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South Bay Lincoln goes step by step and shows how to access the drive modes available in the 2022 Lincoln Corsair. The different modes include "Normal", "Excite", "Conserve", "Slippery/Slick/Icy or Loose Surfaces", and "Deep Conditions". In this tutorial we show how each mode affects the engine's performance and fuel efficiency, and share experiences of driving on different types of terrain, highlighting the ease of switching between modes using the car's dial. This video provides a helpful guide for anyone looking to optimize their driving experience in the 2022 Lincoln Corsair.
Hello! Today, we are in the 2022 Lincoln Corsair and I wanted to demonstrate the different drive modes that it has and how to use them. We will start in "Normal" mode because this is where I want to start explaining. "Normal" mode offers the best of both worlds while driving. The engine is fuel-efficient while also delivering the necessary power when needed. You get a good amount of RPMs and horsepower, and all of this is computer-generated. Nothing changes mechanically, it's all in the car's computer.
If we get cut off in traffic or our lane is about to end, we need to switch to "Excite" mode. Or, if there's an open road in front of us and we want to enjoy the vibe of this vehicle, we can switch to "Excite" mode. When you get in here, it's a vibe. Everything is just built around you, and the car is all cozy. The engine is also very cozy, so you get the most out of it with "Excite" mode. However, you're going to be going through your gas quicker, and you get more RPMs available. It's not stopping at three and a half or four thousand RPMs. It allows you to really get the most out of the engine. It likes being jumpy and rattling. It's awesome, and all engines should be like that.
"Conserve" mode is best for conserving your gas. It's called "Conserve Eco" in the Fords, so it's exactly the same. You're not going to get as many RPMs. It honestly feels like you're in a bit of mud, but you'll be maximizing your gas. Especially here in LA traffic, it's nice to have. With "Conserve" mode, you're not going to be going anywhere too quickly, but you'll be saving gas for sure.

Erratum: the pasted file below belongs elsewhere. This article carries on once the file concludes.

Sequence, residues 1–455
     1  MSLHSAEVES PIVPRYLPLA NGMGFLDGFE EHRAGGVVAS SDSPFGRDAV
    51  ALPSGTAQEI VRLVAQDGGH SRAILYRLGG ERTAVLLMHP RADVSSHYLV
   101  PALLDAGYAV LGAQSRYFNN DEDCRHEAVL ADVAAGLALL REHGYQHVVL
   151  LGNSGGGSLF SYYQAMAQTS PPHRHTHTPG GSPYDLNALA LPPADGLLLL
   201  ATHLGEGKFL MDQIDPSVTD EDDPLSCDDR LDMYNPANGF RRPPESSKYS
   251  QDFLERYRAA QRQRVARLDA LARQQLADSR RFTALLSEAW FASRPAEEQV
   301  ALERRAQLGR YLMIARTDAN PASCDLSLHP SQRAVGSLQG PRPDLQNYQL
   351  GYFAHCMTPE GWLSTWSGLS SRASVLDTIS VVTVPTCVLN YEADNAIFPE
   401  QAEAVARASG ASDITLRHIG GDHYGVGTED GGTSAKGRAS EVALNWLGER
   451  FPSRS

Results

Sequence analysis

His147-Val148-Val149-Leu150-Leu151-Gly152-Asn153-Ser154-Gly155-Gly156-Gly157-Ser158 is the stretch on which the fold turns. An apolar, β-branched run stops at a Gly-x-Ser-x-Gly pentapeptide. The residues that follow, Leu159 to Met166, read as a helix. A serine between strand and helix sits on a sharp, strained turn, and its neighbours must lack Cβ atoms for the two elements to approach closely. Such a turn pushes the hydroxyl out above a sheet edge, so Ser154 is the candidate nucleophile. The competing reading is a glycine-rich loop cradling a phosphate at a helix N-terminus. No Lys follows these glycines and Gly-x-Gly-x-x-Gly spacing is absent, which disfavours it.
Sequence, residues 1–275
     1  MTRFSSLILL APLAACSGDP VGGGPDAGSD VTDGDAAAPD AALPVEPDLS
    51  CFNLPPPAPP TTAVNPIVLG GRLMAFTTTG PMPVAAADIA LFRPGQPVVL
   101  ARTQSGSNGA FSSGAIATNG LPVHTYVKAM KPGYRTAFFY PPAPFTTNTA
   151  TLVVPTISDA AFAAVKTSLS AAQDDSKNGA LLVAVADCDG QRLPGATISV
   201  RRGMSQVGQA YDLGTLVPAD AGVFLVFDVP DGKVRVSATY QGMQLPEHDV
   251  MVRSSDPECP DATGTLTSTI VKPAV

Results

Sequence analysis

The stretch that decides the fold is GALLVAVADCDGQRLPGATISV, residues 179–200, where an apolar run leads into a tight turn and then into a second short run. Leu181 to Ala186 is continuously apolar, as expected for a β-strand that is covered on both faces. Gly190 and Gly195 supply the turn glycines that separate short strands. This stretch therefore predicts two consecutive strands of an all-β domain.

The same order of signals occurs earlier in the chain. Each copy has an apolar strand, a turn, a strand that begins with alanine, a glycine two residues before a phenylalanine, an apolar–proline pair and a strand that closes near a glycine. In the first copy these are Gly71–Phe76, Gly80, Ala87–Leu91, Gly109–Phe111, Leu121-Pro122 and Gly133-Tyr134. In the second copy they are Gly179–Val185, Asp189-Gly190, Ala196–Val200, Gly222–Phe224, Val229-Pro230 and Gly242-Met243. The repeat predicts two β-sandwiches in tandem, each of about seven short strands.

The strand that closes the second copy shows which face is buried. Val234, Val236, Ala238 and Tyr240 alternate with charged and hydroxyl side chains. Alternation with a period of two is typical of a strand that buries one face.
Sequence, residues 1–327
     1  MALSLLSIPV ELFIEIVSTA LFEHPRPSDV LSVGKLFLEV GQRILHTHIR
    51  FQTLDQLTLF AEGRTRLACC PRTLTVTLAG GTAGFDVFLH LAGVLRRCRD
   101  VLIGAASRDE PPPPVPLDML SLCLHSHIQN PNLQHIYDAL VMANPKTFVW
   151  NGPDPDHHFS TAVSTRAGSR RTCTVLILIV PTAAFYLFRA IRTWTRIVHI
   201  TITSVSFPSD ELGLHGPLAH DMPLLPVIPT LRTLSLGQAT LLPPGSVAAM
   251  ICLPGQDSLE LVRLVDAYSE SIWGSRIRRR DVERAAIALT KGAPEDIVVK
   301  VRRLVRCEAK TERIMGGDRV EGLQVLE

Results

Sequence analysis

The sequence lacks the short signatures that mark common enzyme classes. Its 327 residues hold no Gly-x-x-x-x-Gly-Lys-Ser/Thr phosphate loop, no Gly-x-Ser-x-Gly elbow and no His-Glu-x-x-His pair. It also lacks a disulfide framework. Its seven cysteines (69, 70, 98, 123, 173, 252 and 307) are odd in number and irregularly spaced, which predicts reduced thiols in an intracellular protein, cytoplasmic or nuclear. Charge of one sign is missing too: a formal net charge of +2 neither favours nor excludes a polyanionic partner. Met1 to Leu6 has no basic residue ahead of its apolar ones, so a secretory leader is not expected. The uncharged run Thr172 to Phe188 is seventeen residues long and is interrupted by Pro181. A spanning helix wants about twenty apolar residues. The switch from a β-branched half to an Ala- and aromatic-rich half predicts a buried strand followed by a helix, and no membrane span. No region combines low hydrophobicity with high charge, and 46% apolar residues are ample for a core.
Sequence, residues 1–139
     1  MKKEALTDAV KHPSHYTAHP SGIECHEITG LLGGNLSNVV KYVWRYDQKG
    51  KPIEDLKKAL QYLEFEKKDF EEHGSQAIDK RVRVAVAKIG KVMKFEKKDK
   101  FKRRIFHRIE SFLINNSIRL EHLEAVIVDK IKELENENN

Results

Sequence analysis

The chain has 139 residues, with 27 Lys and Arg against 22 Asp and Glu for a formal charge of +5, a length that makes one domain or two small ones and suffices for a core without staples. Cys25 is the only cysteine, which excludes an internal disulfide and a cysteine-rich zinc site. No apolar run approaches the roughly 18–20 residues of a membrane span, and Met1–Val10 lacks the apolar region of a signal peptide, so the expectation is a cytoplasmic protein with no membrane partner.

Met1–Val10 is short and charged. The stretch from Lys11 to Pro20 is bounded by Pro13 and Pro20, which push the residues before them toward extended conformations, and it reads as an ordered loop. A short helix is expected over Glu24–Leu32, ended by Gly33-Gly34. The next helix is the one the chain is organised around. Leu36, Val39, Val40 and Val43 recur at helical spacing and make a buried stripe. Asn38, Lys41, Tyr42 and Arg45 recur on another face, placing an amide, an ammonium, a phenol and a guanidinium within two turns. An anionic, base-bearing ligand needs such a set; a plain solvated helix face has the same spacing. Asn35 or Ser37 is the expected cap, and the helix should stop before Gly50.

A recent favorite of mine is "Slippery/Slick/Icy or Loose Surfaces" mode. We don't get too much rain here in LA, but when it does rain, our roads are not meant for it at all. Going on an on-ramp to the freeway can be kind of scary because it usually floods around that area. My explorer can go into "Slippery" mode and handle it great, so I know for sure this vehicle can handle slippery terrain. It's fun feeling the car grip up more. I don't know if it's the differential that locks up a bit, but you feel as if the car has rails. It's almost like it's doing so much work for you as far as not burning out or fish-tailing. It's very steady and locked, a great feeling when you're on a slippery surface.
The last one is "Deep Conditions" mode, which is for deep snow, mud, or sand. Recently, I went up to Yosemite, and there are some trails around Bass Lake that take you around this forest near Mary posted Grove, and it's absolutely stunning. Having your car be able to be closest to a 4x4, that's awesome. And having your car be ready for these conditions, there's no better combo than knowing that your car is in "Trail" mode or "Deep Conditions" mode, and it's handling it. It feels pretty sick.
So, those are the different drive modes. You just go through this dial right here, and it's pretty simple and cool. Thanks for watching, have a good one!